You are indeed Queen Undisputed of Mind Beauty.
Star-breasted, Disguised as a Ravishing Piece,
You Changed the Way Women Sing, and the Way Men Listen.
What an Astonishing Victory over the Unforgiving Years!

A Few Lines for Joni by Leonard Cohen
Written for the 2013 Luminato Festival, Toronto

 

Note: Back in 1967, when she and Leonard were still together, Joni changed the name of her publishing company from Gandalf (a nod to The Lord of the Rings) to Siquomb. “So,” Joni told me, “based on the Tolkien books, I invented this kingdom: Queen SIQUOMB (She Is Queen Undisputedly of Mind Beauty), HWIEFOB (He Who Is Especially Fond of Birds). They lived in Fanta on the border of Real (Ree-al).”

Both the lines by Leonard Cohen and the explanatory note are from Reckless Daughter: A Portrait of Joni Mitchell by David Yaffe. Sarah Crichton Books (October 17, 2017). Photo by David Leyes – Own work, CC BY-SA 3.0, Wikimedia Commons.

“For me, it was [Joni Mitchell’s] physical beauty that touched me more than her music. The two are connected, but as a young man in the midst of the hormonal avalanche, she was a radiant presence.” Leonard Cohen

quoteup2
She existed as a presence for most people who met her. For me, it was her physical beauty that touched me more than her music. The two are connected, but as a young man in the midst of the hormonal avalanche, she was a radiant presence. The music was part of that, but from my perspective, it was just Athena with the heart. It was just the heart was part of the beauty. I didn’t feel competitive with Joni. I was on my own trip. I was a young man entranced by this radiant person. It was already current at that time that Joni was some kind of musical monster, that her gift somehow put her in another category from the other folksingers. There was a certain ferocity associated with her gift. She was like a storm.  She was a beautiful young woman who had a remarkable talent. She was a great painter. I love her paintings. Her self-portraits are amazing. She turned several of her paintings into beautiful tapestries. She gave them to a weaver. She’s a great spirit. She is a formidable presence. I wasn’t vulnerable to her complications. Mostly, I saw her as a desirable woman, with whom I had a lot in common because of the musical connection.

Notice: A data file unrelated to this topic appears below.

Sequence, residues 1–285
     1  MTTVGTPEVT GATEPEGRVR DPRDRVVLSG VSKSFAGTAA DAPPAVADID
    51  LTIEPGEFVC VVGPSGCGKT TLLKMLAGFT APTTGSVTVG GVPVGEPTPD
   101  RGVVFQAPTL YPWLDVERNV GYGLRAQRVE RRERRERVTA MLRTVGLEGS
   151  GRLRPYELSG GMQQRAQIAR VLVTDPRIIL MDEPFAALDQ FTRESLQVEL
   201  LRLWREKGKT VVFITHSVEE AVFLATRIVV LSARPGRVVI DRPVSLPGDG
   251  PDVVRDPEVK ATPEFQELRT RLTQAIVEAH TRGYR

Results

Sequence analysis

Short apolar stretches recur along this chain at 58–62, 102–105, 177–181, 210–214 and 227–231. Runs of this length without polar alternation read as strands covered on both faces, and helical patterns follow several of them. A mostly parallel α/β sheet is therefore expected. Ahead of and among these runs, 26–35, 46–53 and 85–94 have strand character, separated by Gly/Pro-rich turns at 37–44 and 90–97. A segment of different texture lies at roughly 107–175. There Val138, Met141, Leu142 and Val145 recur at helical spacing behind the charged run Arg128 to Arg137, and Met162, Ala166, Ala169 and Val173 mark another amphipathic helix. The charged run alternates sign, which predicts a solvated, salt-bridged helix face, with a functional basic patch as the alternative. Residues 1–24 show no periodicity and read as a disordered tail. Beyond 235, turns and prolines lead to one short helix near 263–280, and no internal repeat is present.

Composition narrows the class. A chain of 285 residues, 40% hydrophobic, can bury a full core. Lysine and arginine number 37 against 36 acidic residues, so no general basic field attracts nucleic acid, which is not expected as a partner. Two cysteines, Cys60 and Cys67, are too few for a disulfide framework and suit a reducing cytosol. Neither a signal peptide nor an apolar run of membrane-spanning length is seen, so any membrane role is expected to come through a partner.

quotedown2

Leonard Cohen

 

From Reckless Daughter: A Portrait of Joni Mitchell by David Yaffe. Sarah Crichton Books (October 17, 2017). Photo  of Joni Mitchell by Matt Gibbonshttp://www.flickr.com/photos/ultomatt/3126812062/, CC BY 2.0, – Wikipedia

DrHGuy Note: I wasn’t there so I didn’t hear what was said, but have to wonder if Leonard’s allusion was not “Athena with the heart” but rather  “Athena with the harp,” which would better fit the context.

A comprehensive summary of the Leonard Cohen-Joni Mitchell relationship is available at